Workforce

Flagging skill sets yet to be addressed

Shutterstock image: female workforce manager.

Federal agencies are losing valuable telecom knowledge and skills -- along with other critical personnel capabilities -- as the federal workforce ages and retires, according to a study by the Government Accountability Office.

GAO reviewed operations at multiple agencies, including the Departments of Commerce and  Energy, and the U.S. Agency for International Development.

The survey found a decline in a number of routine -- but critical -- skills among workers is threatening to snowball. For instance, GAO said that in December 2013, it found a decline in telecommunication expertise across multiple agencies compounded GSA’s challenges in transitioning those agencies to a new network of telecommunications services, contributing to delays and cost overruns of 44 percent.

GAO said GSA's customer agencies are concerned the shortage of telecommunications specialists will get worse because there are not enough qualified candidates to replace experienced workers nearing retirement. GSA has yet to fully study the issue of addressing mission-critical skills gaps and agreed that understanding expertise shortfalls would be useful for future transition planning purposes.

Telecom skills weren't the only flagging capabilities. In 2012, the Department of the Interior’s Bureau of Land Management had an attrition rate among petroleum engineers that, according to OPM data, is more than double the average federal attrition rate.

The study also noted gaps in cybersecurity and auditor skills, as well as gaps in almost two dozen occupations with "significant programmatic impact."

The Office of Personnel Management and the Chief Human Capital Officer Council plan this year to identify and address a new set of government-wide skills gaps, as well as how to close them. An interagency group called the Federal Agency Skills Team plans to strengthen the methodology used to identify emerging skills gaps. Additionally, GAO said OPM officials are discussing plans to modify OPM’s workforce database to capture government-wide staffing data.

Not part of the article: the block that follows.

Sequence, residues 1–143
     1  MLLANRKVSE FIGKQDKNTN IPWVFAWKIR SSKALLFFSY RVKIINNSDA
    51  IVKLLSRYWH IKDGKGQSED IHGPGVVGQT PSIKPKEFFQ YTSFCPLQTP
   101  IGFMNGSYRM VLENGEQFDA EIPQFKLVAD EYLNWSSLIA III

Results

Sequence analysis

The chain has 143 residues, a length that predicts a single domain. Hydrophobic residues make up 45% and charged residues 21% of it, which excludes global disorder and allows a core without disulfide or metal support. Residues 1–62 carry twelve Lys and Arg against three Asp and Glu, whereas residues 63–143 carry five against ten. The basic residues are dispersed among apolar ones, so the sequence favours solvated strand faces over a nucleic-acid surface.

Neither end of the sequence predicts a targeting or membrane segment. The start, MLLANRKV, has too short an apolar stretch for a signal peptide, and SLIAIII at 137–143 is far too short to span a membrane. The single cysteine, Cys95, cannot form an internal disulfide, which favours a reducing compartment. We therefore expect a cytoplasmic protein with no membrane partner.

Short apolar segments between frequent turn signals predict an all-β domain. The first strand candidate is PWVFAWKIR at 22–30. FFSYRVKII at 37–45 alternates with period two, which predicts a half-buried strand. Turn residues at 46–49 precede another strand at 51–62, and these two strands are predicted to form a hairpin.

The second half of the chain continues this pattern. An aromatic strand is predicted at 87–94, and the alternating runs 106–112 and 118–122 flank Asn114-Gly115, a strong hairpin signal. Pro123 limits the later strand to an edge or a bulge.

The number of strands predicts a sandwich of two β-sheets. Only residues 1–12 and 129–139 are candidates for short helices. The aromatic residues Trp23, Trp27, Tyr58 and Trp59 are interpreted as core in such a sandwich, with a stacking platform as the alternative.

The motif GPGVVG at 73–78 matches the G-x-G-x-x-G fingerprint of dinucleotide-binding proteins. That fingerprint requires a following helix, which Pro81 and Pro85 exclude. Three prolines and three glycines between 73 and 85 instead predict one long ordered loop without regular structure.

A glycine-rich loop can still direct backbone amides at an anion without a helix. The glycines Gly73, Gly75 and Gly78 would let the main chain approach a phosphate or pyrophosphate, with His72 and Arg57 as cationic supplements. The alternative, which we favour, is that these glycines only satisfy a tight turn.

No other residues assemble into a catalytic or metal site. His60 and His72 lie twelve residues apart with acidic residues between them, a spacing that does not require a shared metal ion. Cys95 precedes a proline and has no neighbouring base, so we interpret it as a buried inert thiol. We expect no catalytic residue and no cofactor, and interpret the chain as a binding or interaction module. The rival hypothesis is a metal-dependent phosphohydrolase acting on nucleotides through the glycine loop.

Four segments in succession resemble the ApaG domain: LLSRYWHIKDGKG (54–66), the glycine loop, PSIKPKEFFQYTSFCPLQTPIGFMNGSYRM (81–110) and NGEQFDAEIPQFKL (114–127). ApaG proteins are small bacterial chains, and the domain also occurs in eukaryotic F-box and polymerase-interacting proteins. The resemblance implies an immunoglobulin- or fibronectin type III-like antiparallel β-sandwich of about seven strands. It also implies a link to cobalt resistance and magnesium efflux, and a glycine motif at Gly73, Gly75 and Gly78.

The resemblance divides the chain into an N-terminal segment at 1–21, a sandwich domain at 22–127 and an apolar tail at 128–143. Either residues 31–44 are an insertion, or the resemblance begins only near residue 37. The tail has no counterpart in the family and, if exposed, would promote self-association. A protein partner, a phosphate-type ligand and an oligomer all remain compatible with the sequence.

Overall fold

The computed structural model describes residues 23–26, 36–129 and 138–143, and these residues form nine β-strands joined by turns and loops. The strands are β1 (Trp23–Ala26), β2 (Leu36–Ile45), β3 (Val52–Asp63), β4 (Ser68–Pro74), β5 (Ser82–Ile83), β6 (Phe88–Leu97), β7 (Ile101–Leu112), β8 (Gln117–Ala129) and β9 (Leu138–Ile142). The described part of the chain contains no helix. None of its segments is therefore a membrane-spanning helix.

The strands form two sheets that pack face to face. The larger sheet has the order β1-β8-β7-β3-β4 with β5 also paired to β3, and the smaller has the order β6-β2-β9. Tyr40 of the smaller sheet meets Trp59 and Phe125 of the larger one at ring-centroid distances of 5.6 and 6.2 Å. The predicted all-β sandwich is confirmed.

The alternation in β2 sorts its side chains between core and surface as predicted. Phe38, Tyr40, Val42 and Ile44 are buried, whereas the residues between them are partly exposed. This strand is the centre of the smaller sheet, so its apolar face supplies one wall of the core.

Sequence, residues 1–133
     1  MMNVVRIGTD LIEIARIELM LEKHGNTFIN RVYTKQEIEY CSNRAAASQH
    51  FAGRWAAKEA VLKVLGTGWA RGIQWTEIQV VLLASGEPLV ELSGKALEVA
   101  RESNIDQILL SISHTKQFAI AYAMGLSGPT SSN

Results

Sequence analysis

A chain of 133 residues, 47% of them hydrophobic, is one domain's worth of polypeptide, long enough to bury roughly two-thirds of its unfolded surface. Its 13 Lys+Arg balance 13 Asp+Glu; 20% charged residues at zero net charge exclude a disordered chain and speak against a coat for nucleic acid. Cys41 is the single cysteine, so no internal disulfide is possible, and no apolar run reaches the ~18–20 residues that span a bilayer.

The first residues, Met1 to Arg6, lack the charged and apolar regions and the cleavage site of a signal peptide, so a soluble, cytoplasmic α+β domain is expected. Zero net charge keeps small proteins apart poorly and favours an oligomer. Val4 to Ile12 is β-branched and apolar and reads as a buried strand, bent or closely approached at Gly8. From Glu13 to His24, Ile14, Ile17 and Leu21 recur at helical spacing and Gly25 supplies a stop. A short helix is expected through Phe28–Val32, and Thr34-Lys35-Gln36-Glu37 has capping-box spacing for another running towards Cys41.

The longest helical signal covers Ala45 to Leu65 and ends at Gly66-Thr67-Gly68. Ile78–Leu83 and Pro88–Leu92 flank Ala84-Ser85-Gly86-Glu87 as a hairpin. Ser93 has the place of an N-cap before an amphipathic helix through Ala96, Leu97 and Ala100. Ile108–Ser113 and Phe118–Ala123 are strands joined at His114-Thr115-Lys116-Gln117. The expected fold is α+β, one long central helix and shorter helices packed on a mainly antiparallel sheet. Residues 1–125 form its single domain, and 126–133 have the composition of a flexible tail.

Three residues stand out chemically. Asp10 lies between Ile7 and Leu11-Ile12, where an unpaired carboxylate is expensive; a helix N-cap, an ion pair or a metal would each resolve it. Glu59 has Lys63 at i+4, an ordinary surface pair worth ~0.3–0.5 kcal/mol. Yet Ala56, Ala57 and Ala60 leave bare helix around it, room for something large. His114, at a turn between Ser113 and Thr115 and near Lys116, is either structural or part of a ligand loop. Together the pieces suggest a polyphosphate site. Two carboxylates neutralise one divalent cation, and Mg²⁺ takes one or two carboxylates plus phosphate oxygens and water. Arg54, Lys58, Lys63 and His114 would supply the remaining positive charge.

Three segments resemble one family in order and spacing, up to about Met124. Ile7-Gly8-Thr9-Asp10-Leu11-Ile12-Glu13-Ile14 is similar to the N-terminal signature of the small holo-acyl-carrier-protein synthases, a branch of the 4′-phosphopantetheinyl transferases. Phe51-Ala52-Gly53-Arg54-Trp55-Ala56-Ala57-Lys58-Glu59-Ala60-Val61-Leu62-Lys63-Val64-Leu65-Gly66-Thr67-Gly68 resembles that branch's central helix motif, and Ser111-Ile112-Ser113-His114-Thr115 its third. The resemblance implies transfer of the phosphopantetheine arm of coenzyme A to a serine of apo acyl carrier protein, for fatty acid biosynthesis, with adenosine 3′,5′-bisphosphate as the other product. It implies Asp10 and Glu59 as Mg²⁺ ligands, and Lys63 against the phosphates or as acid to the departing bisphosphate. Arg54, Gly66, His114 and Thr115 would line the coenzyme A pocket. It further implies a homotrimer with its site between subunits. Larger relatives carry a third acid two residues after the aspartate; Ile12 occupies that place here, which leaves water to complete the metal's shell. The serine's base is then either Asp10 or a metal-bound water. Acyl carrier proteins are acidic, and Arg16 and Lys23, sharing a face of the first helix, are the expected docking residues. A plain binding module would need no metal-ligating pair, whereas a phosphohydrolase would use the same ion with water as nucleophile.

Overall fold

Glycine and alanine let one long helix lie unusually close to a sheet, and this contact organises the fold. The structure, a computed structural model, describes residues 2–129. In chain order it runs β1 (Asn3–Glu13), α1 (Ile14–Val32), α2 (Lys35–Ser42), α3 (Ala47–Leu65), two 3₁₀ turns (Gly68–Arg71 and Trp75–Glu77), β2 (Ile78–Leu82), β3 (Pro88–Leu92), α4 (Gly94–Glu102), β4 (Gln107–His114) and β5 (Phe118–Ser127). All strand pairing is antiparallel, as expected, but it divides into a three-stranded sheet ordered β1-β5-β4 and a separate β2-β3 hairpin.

About the Author

Mark Rockwell is a senior staff writer at FCW, whose beat focuses on acquisition, the Department of Homeland Security and the Department of Energy.

Before joining FCW, Rockwell was Washington correspondent for Government Security News, where he covered all aspects of homeland security from IT to detection dogs and border security. Over the last 25 years in Washington as a reporter, editor and correspondent, he has covered an increasingly wide array of high-tech issues for publications like Communications Week, Internet Week, Fiber Optics News, tele.com magazine and Wireless Week.

Rockwell received a Jesse H. Neal Award for his work covering telecommunications issues, and is a graduate of James Madison University.

Click here for previous articles by Rockwell. Contact him at mrockwell@fcw.com or follow him on Twitter at @MRockwell4.


Featured

  • FCW PERSPECTIVES
    sensor network (agsandrew/Shutterstock.com)

    Are agencies really ready for EIS?

    The telecom contract has the potential to reinvent IT infrastructure, but finding the bandwidth to take full advantage could prove difficult.

  • People
    Dave Powner, GAO

    Dave Powner audits the state of federal IT

    The GAO director of information technology issues is leaving government after 16 years. On his way out the door, Dave Powner details how far govtech has come in the past two decades and flags the most critical issues he sees facing federal IT leaders.

  • FCW Illustration.  Original Images: Shutterstock, Airbnb

    Should federal contracting be more like Airbnb?

    Steve Kelman believes a lighter touch and a bit more trust could transform today's compliance culture.

Stay Connected

FCW Update

Sign up for our newsletter.

I agree to this site's Privacy Policy.